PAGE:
Monday, February 23, 2015


Jinx by Sage Blackwood


An amazon summary because needs, "The highly acclaimed first book of a fantasy adventure series set in a mysterious forest, starring a daring new hero.
"Readers will thrill to journey with Jinx" (SLJ, starred review), a wizard's apprentice, as he sets off on a quest through the dangerous Urwald, a magical forest full of wizards and were-creatures, and discovers that it is more complex than he could imagine, and that it needs him more than he could ever guess.
This humorous and smart tween fantasy adventure is perfect for fans of Septimus Heap, The Sisters Grimm, and Fablehaven." AMAZON LINK OF JUSTICE
This is my normal cup of tea as far as book genres go, but there's something about this story that doesn't sit well with me.
Let's talk plot.
Jinx lives in the Urwald; a dangerous magical place that seems to be a giant country filled with woods. In the woods there are different clearings that different people and creatures come from. There's also a path through the Urwald that restricts harm being done to travelers of said path.
One day, due to a lack of food and general kindness, Jinx's stepfather leads him into the woods to abandon him...but Jinx is found by Simon Magnus; a wizard of the Urwald.
Simon takes Jinx home and Jinx spends a few years of life just cleaning the house, watching over things that aren't of magical concern. Simon takes care of Jinx to an extent; he's really a father to Jinx, but more of a friendly caretaker ish....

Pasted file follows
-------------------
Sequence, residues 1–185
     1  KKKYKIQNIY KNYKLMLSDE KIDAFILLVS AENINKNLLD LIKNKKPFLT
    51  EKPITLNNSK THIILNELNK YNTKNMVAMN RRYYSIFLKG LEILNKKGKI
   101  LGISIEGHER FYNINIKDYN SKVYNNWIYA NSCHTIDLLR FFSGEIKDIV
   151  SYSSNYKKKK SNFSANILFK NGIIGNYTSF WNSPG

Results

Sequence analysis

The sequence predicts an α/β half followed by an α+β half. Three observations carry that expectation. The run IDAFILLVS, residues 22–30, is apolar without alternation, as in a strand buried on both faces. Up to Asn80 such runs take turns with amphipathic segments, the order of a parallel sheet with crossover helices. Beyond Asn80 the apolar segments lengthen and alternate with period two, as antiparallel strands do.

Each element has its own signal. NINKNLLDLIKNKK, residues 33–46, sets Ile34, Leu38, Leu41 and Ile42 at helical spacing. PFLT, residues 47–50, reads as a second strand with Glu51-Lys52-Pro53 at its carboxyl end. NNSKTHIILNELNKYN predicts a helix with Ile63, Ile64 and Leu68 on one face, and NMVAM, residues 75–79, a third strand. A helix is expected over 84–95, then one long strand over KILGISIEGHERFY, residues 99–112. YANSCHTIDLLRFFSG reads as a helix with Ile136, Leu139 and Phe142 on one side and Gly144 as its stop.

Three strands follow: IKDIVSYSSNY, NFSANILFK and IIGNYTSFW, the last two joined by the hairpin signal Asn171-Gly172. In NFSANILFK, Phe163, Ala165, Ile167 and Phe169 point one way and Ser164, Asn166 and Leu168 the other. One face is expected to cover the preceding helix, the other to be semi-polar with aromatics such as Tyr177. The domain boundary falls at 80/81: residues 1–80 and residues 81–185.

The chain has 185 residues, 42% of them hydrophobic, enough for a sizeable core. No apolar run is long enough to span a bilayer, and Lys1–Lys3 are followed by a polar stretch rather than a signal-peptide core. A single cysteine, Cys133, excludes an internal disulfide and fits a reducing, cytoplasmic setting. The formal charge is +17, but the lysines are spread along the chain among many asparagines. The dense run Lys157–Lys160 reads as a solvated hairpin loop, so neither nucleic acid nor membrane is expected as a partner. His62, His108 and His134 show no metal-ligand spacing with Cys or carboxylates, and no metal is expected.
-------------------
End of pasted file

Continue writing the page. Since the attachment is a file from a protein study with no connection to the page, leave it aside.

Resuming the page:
Jinx discovers he can hear the trees of the Urwald when he buries his naked feet in the dirt. He also starts learning more about Simon and his magic as his curiosity begins to peak...sprawling into an adventure into the Urwald.
So, my main hold up with this story is it wasn't very gripping.
There were a lot of parts of the book that were supposed to be kind of action filled and more attention gripping while also revealing mysteries that will probably be puzzled out in future books. There was scattered character development, world building, etc....which normally would have a nice cohesion to it....but it all just seemed to be the same.
Kind of like going down the river in a canoe and seeing a wide variety of things on shore - good, bad, or other - but never stopping the canoe to see them. The river stays a steady pace and there aren't any barriers, you just keep going at the same pace regardless of what's happening around you.
While that works for some books, I don't think it quite works for Jinx.
Overall, it was a kind of fun read, but I don't have an urge to read any further books in the series.
Happy reading!

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